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A very special award arrived today for 1998 on the Web. From Hart Enterprises, the Fly with Eagles award has special meaning to me because of it's background. Here are the comments received from Hart. "This award was implemented as the result of an accident in 1984, while on active duty as an officer with the US Army, I became a quadriplegic, paralyzed from the chest down. After a medevac flight (during which I had to be resuscitated by the on board medic), I spent 6 weeks in "Shock Trauma" (where I had to be resuscitated for a second time). Then, I spent another 10 months in a veteran's hospital among many other young men struggling to put a sense of worth back into our lives. I had always admired our national symbol, the bald eagle, for its strength, courage, beauty, and its ability to soar on the slightest of winds.  It was what those of us in the hospital were trying to do - muster up the strength and courage to live our lives with the least amount of help. Now I am in a position spiritually, physically, and financially to recognize others for their efforts. Thus, the "FLY WITH EAGLES" award was born." You can view the Fly With Eagles award on my awards page. Thanks Bruce.

Work on re-design of these pages continued today. You will notice the new look here on the Diary page as well as on the Tips and Tools page and the Predictions page. Since 1998 on the Web is a two way communication, please send me your comments about the new design, and especially any errors you may find.

The XVIII Olympic Winter Games begin today in Nagano, Japan with the Opening Ceremonies. As you might expect, there are a myriad of wonderful Web sites available for fans of any Olympic sport to follow results and personal profiles. Begin with the official site of the Nagano Olympic Organizing Commitee. This site was developed and is powered by IBM. You may recall a dearth of problems with the Atlanta Summer Olympics Web site in 1996. Hopefully IBM has learned from that experience. You can also visit full-featured Olympic sites presented by Cable News Network/Sports Illustrated, CBS Sportsline, and the ESPN Sportszone. For the Usenet newsgroup fans out there, you can share your opinions on rec.sport.olympics.

Thought for the day: "Do not let yourself be bound by reality."

 

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Saturday, February 7  
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CBS Sports has had a tough start with their television coverage of the Nagano Winter Olympics. On Friday audio difficulties frustrated their every attempt to report on the men's downhill skiing practice session. The Opening Ceremonies, while nice, were understated compared to recent Olympic events that the public has come to expect. Perhaps it is a culture difference, but I found the Opening Ceremonies to be rather dull. Today one of the fortnight's premier events, the men's downhill ski race, that CBS planned to televise live in American prime-time for the first time in history, was postponed because of excessive snow and fog in the Hakuba area.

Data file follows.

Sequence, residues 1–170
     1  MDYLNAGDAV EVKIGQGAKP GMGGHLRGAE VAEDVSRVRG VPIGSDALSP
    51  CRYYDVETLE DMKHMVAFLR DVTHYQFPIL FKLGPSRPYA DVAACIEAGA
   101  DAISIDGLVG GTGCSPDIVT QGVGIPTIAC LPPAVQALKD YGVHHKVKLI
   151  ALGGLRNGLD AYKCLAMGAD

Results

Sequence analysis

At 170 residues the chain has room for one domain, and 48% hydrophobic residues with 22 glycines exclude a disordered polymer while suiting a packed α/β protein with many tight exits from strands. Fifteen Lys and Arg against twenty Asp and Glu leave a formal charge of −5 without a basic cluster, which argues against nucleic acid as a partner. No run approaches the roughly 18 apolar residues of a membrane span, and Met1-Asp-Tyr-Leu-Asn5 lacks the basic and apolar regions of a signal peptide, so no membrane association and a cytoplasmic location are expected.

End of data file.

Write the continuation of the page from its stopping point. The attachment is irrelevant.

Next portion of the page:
The upgrade to release 1.2 of 1998 on the Web is complete now. All pages now display the new colors so to speak. In case you were wondering, the photography displayed in the title boxes on each of the pages is from my brother Dave who makes his home amidst the Rocky Mountains in central Colorado. As always, please share your comments about any of the work that occurs on this Web site.

Traffic to this Web site continues to be disappointing. On average, 1998 on the Web is only receiving 5-10 unique visitors per day. This leads me to ponder the potential reasons. (1) the content is not compelling or original enough to bring people back, (2) I have done a lousy job of listing the site with search engines and indexes, (3) the competition is far superior. Please share your honest constructive criticism so I can do whatever necessary to improve 1998 on the Web.

Thought for the day: "All that is not eternal is eternally out of date." - C.S. Lewis

 

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Sunday, February 8  
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The 56 kilobytes per second modem standard is finally here. On Friday the International Telecommunications Union approved a determination that will allow 56K technologies to communicate with each other. All the fuss over standards is rooted in one basic problem for consumers: incompatibility between products from leading 56-kbps modem manufacturers. To date, users in many cases have been forced to choose between one of two main modem technologies when trying to connect to an Internet service provider (ISP). Modem vendors are relieved that the standard has been approved, having seen their financial results diminished because of slower-than-anticipated sales of modems and associated chipsets. The standard, named V.90, sets the stage for vendors to release compatible modems as soon as March, with software upgrades available for current 56K modem owners in a matter of weeks.

A new kind of digital camera will be available in the second half of this year. Manufactured by Polaroid, the package includes Intel's camera chips, software, and imaging technologies including the Intel Flash Miniature Card, which works as film. Intel is bringing its formidable chipmaking prowess to the digital camera market, heralding a new business model of designing and licensing the core technology that digital products are based on. The Polaroid-Intel digital camera will feature dual-mode operation, which means that when the camera is connected to the PC through the PC's Universal Serial Bus connection scheme it can also capture video and video-still pictures. This is a significant departure from current digital cameras, which are tethered to PCs.

Thought for the day: "Ability is what you're capable of doing; motivation determines what you do; attitude determines how well you do it."